China uses dairy factory to show it's getting back to work

Sam McNeil
Associated Press
In this Thursday, Feb. 27, 2020, photo, a worker checks yogurt coming off the production line at the Mengniu dairy factory in Beijing. Reporters were invited to China Mengniu Dairy Co. Ltd. this week to be shown how companies are reviving after anti-virus measures shut down most of the world's second-biggest economy. (AP Photo/Ng Han Guan)

BEIJING (AP) – As milk bottles and yogurt six-packs zipped past on a conveyor belt at a state-owned dairy, reporters heard a sales pitch from a Communist Party official: China Inc. has reopened for business.

The government invited reporters to a Beijing factory of China Mengniu Dairy Co. Ltd. this week to see how companies are getting back to work after unprecedented anti-virus measures shut down much of the world's second-biggest economy. It also brought them to see a power plant. 

The ruling party is striving to restore public and business confidence and avert a deeper economic downturn and politically risky job losses after weeks of disruptions due to the viral outbreak that has sickened more than 82,000 people worldwide and killed more than 2,800.

Mengniu's sales fell 20% in February due to travel and other anti-disease controls, but its sales of milk, yoghurt and other dairy products are back to 80% of normal levels and production is at 70%, said Meng Fanjie, of Mengniu's Party Work Department.

"Also there is an opportunity brought by the virus outbreak," he said. "People want to improve immunity by eating more dairy."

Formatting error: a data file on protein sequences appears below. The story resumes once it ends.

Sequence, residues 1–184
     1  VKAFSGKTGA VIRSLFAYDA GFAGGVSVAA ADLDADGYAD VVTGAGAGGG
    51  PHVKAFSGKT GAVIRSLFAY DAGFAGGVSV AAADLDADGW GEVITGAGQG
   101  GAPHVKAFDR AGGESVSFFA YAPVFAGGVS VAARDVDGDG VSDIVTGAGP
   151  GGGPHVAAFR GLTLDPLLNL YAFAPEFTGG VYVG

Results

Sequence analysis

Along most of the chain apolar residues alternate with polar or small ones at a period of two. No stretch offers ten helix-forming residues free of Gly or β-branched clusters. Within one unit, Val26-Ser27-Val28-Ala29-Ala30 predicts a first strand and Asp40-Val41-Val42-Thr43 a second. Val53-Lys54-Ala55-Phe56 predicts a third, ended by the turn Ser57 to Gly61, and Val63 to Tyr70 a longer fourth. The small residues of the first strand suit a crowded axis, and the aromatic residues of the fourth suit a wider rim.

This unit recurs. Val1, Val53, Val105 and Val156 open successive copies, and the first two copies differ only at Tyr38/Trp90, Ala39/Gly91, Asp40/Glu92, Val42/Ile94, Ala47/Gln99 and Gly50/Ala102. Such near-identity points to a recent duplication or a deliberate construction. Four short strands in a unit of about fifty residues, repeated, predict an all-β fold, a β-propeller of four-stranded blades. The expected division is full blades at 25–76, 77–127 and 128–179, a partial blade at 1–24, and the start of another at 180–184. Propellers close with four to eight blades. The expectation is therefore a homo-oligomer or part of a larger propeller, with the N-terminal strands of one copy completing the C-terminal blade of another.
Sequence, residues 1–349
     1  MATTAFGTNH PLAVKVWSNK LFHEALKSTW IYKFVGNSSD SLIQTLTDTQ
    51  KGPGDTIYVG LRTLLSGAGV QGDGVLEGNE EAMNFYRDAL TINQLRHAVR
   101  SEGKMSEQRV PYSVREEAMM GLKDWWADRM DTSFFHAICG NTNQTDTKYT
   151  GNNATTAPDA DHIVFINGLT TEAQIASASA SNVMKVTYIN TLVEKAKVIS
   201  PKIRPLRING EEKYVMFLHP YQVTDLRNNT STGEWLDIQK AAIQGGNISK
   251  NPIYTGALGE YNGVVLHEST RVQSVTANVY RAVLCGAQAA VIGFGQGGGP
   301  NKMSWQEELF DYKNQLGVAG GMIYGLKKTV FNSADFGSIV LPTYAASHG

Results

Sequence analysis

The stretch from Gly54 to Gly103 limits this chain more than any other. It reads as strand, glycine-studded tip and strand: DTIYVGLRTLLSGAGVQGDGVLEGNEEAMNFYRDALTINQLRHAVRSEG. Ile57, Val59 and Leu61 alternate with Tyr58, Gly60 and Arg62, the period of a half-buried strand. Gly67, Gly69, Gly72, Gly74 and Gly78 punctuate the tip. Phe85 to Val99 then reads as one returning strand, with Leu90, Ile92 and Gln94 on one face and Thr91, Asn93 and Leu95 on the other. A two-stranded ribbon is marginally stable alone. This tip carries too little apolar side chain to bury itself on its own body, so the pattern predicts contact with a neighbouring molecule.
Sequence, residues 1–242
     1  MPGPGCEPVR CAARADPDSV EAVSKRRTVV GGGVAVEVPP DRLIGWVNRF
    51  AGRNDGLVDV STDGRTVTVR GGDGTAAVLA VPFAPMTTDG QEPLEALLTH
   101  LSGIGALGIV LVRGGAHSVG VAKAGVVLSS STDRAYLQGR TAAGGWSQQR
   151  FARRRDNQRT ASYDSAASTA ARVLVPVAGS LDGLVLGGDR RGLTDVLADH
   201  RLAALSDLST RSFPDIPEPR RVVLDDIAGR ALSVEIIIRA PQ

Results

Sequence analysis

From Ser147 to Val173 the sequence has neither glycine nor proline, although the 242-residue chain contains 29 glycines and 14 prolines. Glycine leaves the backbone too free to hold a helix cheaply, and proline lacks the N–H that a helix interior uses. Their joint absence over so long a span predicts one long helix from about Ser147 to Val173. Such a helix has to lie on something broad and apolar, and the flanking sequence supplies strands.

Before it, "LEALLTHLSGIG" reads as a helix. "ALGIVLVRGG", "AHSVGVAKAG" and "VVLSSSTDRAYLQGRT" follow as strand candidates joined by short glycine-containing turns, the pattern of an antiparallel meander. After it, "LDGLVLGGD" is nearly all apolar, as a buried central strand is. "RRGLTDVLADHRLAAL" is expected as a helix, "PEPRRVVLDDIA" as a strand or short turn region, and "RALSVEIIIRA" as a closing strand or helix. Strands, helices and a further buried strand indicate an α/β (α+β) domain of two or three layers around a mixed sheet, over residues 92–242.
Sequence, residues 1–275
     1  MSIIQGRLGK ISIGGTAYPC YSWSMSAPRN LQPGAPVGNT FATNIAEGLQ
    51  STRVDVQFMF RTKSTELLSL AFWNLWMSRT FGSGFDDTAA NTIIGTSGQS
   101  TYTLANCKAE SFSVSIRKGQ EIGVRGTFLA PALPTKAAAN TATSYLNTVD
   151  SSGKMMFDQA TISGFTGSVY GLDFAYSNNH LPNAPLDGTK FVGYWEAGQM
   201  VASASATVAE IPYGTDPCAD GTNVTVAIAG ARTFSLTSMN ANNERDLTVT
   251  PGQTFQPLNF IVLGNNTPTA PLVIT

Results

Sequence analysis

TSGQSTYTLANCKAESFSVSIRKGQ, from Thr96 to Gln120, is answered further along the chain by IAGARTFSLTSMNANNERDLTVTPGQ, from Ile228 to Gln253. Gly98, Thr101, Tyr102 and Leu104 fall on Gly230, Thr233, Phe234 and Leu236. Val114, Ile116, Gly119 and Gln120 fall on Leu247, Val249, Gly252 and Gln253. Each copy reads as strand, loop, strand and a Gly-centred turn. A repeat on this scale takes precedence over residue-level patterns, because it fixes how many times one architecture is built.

The effort to get the economy back on track comes as anxiety is mounting that the spread of the new virus overseas might derail global trade, industry and economic growth. Forecasters expect the economy to slow in the current quarter, though though officials insist the ruling Communist Party's annual growth targets still can be attained.

The most sweeping anti-disease controls ever imposed suspended most access to Wuhan, a major city at the center of the outbreak, and extended the Lunar New Year holiday, usually just a week or two long for most people, to keep factories and offices closed.

Tourism plunged after authorities canceled group tours and told businesspeople to avoid travel. Sales of real estate and autos evaporated.

President Xi Jinping has put his personal authority behind getting business moving again. He has publicly ordered areas deemed to be at low risk to work on reviving their businesses while high-risk areas focus on fighting the outbreak. The government is promising tax breaks, low-interest loans and other aid.

When Mengniu's shipments were suspended in Hubei, where Wuhan is located, factories in the neighboring provinces of Hunan and Anhui stepped up production to supply virus-stricken cities.

During the tour in Beijing, the company showed reporters workers monitoring enormous machines filling bags and bottles with yogurt and different types of milk.

Dairy employees are checked for fever before putting on white gowns, hair nets and blue plastic gloves and beginning work.

Under a photo of Xi visiting the dairy, visitors spin in place to be sprayed with disinfectant.

Delivery trucks are disinfected every four hours. GPS devices allow the dairy to keep track of where drivers go. Banners hanging from the trucks said: "The truck is disinfected. The driver's body temperature is normal."

At a news conference Thursday, officials expressed confidence the small, mostly private companies that power China's economy are recovering quickly.

That category includes most of the privately-owned restaurants, factories, stores and other companies that generate China's new jobs and wealth. It includes thousands of small companies that supply components, from zippers to microchips to auto parts, to factories that assemble the world's smartphones, toys and other consumer goods.

Zhang Kejian, an official of China's main planning agency, the National Development and Reform Commission, acknowledged that activity of small and medium-size businesses was only at one-third of normal levels.

Activity is increasing gradually, he said.

"Many companies want to resume work as soon as possible," said Zhang. "But they also worry about risks due to the spread of the epidemic. There is a dilemma."